A bill in the Massachusetts legislature suspending the MCAS exams the Bay State’s public high school students must pass to earn a diploma – due to the Covid-19 worldwide pandemic – is being vetted by the Joint Committee on Education.
The Committee is seeking written testimony about the proposed legislation, but it’s unknown whether it will be passed by the committee. If it is passed, it will likely undergo further review by the state Senate’s Ways and Means Committee, says a Beacon Hill staff member.
Introduced by State Sen. Joanne Comerford, a Democrat whose district includes Hampshire and Franklin counties in western Massachusetts, in late June, it would defer the high school MCAS requirement for four years, between 2020 and 2024.
Her bill proposes creating a commission consisting of members of the legislature, the state secretary of education, the Massachusetts Department of Elementary and Secondary Education (DESE) Commissioner Jeff Riley, the Bay State’s teachers’ unions, and some interest groups, including the National Association for Advancement of Colored People (NAACP) and the Muslim Justice League, to review the impact of the high school MCAS tests.
“With Covid-19, this is an exceedingly stressful time for students, teachers and school committees across the Commonwealth. MCAS is one more significant stressor for students,” Comerford said. “The logical thing to is not to take away time for learning when so much time is needed for learning recovery.”
State Rep. James Hawkins (D-Attleboro) also filed legislation in June to shelve the MCAS high school exams for three academic years, starting with the coming school year, due to Covid-19. He expects his bill to be vetted by the Joint Committee on Education, too.
“School districts don’t know if they’re going back to school full time, will have to implement some sort of hybrid model (teaching kids both at school and at home) or be full-time remote,” he said.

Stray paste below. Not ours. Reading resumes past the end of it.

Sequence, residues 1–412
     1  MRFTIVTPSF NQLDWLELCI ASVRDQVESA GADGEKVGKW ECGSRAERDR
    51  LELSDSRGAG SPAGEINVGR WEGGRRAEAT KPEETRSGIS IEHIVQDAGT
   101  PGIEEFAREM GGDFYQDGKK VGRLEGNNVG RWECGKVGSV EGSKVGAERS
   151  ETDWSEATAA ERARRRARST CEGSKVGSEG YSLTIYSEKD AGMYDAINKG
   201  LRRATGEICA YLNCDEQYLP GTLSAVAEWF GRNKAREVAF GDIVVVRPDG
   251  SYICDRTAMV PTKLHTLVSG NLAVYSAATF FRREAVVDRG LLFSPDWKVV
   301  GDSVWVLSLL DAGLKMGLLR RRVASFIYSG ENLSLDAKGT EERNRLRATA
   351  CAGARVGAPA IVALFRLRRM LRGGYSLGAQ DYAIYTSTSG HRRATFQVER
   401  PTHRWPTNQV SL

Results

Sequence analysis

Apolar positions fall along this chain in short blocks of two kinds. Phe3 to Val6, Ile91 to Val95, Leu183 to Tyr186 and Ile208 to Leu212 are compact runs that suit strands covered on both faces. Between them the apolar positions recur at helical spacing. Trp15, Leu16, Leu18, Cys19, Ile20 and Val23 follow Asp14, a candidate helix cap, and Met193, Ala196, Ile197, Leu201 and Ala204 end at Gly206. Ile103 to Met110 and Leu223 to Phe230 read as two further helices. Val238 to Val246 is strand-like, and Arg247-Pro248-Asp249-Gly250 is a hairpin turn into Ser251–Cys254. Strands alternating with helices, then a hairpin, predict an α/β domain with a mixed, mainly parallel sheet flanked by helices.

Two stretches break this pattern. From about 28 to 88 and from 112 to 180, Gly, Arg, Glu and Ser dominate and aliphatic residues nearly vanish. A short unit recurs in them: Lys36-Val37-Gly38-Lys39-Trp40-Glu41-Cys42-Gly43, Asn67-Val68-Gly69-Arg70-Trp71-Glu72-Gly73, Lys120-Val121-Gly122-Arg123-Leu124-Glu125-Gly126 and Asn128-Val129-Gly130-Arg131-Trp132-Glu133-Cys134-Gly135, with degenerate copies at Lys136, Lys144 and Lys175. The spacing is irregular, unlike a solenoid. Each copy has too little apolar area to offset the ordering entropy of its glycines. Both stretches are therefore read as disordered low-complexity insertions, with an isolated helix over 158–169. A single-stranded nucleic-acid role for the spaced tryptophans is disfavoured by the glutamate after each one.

“Plus school districts are dealing with smaller staff because many teachers and staff have been pink slipped or retired. I don’t know how they’re going to deal with lunches. How are school buses going to implement social distancing? Why do we have to do MCAS testing on top of that?” Hawkins added.
It's unknown when either bill could come up for a vote by both houses of the legislature. It’s also unknown whether the U. S. Department of Education (DOE) would allow Massachusetts not to test its high school students.
Massachusetts is one of 11 states, and the only one in New England, requiring its public high school students to pass an exam before they earn a diploma, down from 27 states that previously required them, says FairTest, an organization tracking which states require the exams.
“The lack of a high school diploma feeds the wealth gap and racial inequities,” said Bob Schaeffer, FairTest’s interim executive director. “Graduation tests potentially put kids out on the street without a diploma, which is a necessary credential for a decent job and many other societal benefits.
“They’re doing this to kids who otherwise completed their high school coursework with adequate grades. They’re going to be way behind the eight-ball for sustaining themselves and their families. Many states have recognized that and dropped them,” he added.